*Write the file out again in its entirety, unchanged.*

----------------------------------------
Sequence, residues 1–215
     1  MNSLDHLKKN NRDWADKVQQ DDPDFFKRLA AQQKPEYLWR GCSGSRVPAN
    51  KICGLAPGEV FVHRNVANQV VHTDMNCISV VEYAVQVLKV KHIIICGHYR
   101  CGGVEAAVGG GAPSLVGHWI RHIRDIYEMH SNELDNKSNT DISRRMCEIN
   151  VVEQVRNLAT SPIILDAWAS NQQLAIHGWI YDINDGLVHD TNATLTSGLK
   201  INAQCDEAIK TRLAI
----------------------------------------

Sequence, residues 1–215
     1  MNSLDHLKKN NRDWADKVQQ DDPDFFKRLA AQQKPEYLWR GCSGSRVPAN
    51  KICGLAPGEV FVHRNVANQV VHTDMNCISV VEYAVQVLKV KHIIICGHYR
   101  CGGVEAAVGG GAPSLVGHWI RHIRDIYEMH SNELDNKSNT DISRRMCEIN
   151  VVEQVRNLAT SPIILDAWAS NQQLAIHGWI YDINDGLVHD TNATLTSGLK
   201  INAQCDEAIK TRLAI